The attraction for many officers is simple: money. The average salary in Puerto Rico for an officer with 10 years of experience is $18,000. In Washington, many of them will start at $40,000, Ennis said. Also, the souring Puerto Rican economy gives the District a distinct edge, especially for officers with families to support.

After being tested on their math, reasoning and reading skills, the recruits took English and Spanish competency exams. Once the tests were scored and the field was narrowed, Ennis and D.C. officers went to departments all over the island and asked to see the candidates' personnel files.

"I was very pleased with the candor of the departments," Ennis said. "They don't want bad officers coming here and embarrassing Puerto Rico."

Three groups of 15 Puerto Rican officers will come to the District starting in August for a special 14-week training session at the police academy. About 15 more recruits will come in the fall after more lengthy background checks. D.C. police will now give the department's test in Puerto Rico on a quarterly basis.

"This time, there will be a steady stream of applicants," Ramsey said. "This isn't just bringing over a bunch of officers, then forgetting about it for 10 years."

The challenge will be to help the officers make a smooth transition.

"I know moving to another city is enough of a shock, but moving from the island will be a big change," Ramsey said.

To assist the officers personally and professionally, the department's diversity task force is "going to help these officers with real estate, with setting up bank accounts, with schools, with finding jobs for their spouses," said Luis Cardona, a task force member. "This is true recruitment; this is what can make this work."

But having more Spanish-speaking officers isn't enough, some D.C. Hispanic officers say.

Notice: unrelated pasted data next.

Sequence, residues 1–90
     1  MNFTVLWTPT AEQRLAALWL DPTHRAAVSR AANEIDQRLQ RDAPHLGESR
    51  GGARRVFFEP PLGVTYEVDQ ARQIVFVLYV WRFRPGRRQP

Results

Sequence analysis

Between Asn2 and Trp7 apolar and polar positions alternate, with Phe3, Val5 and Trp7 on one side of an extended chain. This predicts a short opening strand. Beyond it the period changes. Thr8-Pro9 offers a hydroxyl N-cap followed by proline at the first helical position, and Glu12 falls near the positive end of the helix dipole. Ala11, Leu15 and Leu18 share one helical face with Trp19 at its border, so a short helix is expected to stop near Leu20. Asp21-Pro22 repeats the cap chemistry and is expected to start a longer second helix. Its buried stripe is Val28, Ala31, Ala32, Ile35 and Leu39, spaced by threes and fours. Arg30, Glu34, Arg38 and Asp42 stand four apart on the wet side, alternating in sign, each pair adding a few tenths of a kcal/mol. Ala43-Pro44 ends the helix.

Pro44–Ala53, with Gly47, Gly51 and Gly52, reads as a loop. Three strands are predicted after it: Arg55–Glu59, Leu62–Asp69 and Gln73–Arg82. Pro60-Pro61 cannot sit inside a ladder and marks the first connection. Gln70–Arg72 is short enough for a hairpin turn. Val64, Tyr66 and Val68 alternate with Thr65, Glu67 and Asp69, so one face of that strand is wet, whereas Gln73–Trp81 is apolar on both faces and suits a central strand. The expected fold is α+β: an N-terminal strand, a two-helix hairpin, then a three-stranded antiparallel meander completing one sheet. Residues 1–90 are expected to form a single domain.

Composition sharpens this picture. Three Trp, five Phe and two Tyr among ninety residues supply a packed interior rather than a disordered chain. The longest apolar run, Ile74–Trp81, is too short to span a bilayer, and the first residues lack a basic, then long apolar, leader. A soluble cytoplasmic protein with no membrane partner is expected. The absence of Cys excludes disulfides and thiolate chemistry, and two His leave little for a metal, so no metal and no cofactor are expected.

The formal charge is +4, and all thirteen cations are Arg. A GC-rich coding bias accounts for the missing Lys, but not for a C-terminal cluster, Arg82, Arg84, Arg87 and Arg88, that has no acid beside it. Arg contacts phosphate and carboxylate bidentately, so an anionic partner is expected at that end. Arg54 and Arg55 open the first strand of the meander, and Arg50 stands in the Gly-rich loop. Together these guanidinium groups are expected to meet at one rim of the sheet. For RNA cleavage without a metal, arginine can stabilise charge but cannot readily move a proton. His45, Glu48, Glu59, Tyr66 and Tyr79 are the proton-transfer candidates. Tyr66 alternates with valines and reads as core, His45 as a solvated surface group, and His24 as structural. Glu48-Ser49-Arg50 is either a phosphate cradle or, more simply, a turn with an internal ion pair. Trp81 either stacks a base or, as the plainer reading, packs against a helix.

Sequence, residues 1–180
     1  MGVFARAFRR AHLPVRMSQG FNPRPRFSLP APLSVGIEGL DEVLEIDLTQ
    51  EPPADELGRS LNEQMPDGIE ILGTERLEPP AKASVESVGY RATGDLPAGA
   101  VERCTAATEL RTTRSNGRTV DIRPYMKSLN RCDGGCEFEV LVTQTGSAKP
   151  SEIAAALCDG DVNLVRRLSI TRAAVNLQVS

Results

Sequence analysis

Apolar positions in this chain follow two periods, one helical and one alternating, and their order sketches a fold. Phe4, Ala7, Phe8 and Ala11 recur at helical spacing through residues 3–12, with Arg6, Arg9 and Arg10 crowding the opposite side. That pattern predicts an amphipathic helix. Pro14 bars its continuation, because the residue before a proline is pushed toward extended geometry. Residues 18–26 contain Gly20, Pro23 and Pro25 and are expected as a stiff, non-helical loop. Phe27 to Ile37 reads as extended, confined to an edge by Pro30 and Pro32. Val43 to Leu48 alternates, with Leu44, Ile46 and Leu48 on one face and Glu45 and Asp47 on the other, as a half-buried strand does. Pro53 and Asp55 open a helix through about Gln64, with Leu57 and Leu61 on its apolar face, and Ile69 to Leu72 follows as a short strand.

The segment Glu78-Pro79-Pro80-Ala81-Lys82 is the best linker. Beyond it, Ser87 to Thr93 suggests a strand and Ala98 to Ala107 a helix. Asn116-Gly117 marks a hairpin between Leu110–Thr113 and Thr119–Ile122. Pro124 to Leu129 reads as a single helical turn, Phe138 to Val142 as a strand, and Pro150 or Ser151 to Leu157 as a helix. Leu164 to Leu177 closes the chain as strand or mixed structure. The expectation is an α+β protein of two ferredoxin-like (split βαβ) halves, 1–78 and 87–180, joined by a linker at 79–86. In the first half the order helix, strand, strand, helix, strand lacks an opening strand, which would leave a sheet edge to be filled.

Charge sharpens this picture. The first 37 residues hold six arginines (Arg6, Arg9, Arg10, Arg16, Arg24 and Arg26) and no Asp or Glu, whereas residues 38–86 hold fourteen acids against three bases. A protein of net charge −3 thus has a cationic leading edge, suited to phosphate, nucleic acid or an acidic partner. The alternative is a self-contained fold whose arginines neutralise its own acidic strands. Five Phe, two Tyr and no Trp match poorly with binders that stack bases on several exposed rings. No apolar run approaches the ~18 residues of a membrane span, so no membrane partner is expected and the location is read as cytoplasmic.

"What I want to know, as a Hispanic officer, is how far can I go up in the ranks?" said Master Police Officer Hiram Rosario, head of the Hispanic Police Association in the District. "As a Hispanic man, the farthest I can rise, from what I see, isn't very far."

Rosario, who was recruited from Puerto Rico 13 years ago, said too many Hispanic officers leave the D.C. department for suburban police forces. They are frustrated, he said, that none of the city's seven police commanders is Hispanic and that only one high-ranking officer reflects their heritage.

Sgt. Juan Espinal, a Dominican native who was promoted after a 12-year legal battle with the department, said there also has to be significant outreach to Hispanic communities.

A recent study by the Washington Lawyers Committee showed that the 3rd Police District, which has the city's most concentrated Hispanic population, ranked lowest in customer satisfaction and performance.

Espinal is trying to combat this problem with a weekly half-hour "Ask the Police" radio show on an all-Spanish station.

Ramsey supports the radio program and has encouraged Espinal in other projects. "The effort and support I have seen recently for the Hispanic population by D.C. police is unprecedented," Espinal said.

The chief is also about to post job openings for a new Hispanic liaison unit, which will have a sergeant, two detectives and six officers. Previously, one Spanish-speaking officer served that role in the community.

"This has always been a difficult thing for us -- recruitment, retention, outreach," Ramsey said. "I know it's not enough, what we're doing now, but it's the beginning of a steady stream of change."